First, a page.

Majority of companies to adopt blanket ‘inside IR35’ structures

06 April 2021 Consultancy.uk 2 min. read

The introduction of UK’s IR35 Contractor tax reforms are set to permanently change company relationships with contractors and independent consultants.

With private companies coming under new IR35 regulations from April 2021, both contractors and clients are scrambling to adapt to these new regulations amidst adaptations to Covid-19 and new general regulations for EU trade following Brexit. According to a survey by Theta Global Advisors, more than two thirds (67%) of companies are moving to blanket ‘inside IR35’ structures as opposed to reviewing contracts individually.

This comes in stark contrast to contractor and client wants – only 10% of companies are satisfied with this blanket approach, and 90% stating that they would be keen to explore alternative resourcing models.

Majority of companies to adopt blanket ‘inside IR35’ structures

“Blanket ‘inside IR35’ approaches are already being deemed inappropriate before even coming into effect, likely to attract less skilled resources with lower quality experience to companies for their specific projects requiring unique expertise. This blanket approach does not even benefit those contractors attracted given reduced day rates which is the appeal of sacrificing the benefits of permanent employment for contract work,” said Patrick Hopkins, Associate Director at Theta Global Advisors.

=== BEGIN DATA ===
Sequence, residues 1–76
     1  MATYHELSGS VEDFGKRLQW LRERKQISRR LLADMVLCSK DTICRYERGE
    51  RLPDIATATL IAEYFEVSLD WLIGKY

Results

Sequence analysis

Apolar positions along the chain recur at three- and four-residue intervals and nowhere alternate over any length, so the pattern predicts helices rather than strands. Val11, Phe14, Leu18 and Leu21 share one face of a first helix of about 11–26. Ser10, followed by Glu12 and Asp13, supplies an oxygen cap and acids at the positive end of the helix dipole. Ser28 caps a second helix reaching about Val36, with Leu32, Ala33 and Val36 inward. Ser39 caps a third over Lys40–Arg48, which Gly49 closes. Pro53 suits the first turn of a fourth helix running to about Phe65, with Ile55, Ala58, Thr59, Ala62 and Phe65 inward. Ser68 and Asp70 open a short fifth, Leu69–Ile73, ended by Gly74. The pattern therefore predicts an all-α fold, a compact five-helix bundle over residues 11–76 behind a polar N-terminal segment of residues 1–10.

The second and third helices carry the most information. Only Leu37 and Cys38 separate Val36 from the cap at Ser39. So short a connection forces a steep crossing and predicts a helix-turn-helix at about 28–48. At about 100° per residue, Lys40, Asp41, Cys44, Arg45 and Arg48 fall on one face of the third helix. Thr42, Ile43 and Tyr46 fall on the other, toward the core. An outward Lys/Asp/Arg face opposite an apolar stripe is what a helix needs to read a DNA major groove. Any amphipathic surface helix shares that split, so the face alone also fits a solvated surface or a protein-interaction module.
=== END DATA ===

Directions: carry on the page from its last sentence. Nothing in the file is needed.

This is expected to cause issues for contractors. More than half (57%) of contractors claim that IR35 and the last year have made them consider returning to permanent employment. Illustrating the impact of Brexit and Covid-19 on the contractor market, 57% of respondents said that they have seen their revenue reduced or even the termination and/or suspension of their existing contract(s).

“The combination of these tumultuous events with IR35 tax reform has left contractors reconsidering their positions as PSCs, instead considering a return to permanent employment, and for some, even early retirement. Given this rumbling IR35 debate continuing on in the background of cancelled or delayed contracts, new, innovative approaches are needed to resolve the challenges of companies to recruit specialist resources,” said Hopkins.

Among those seeking to continue life as a contractor, only “surprisingly low 19% of contractors” have taken out any insurance to cover them from a negative IR35 assessment, again highlighting the disparity and likely issues set to occur between contractors, clients, and companies upon the enforcement of these new IR35 regulations.

“The data from our research is indicative of a seismic shift in the relationship between companies and contractors following the reform of IR35 tax regulations,” Hopkins concluded.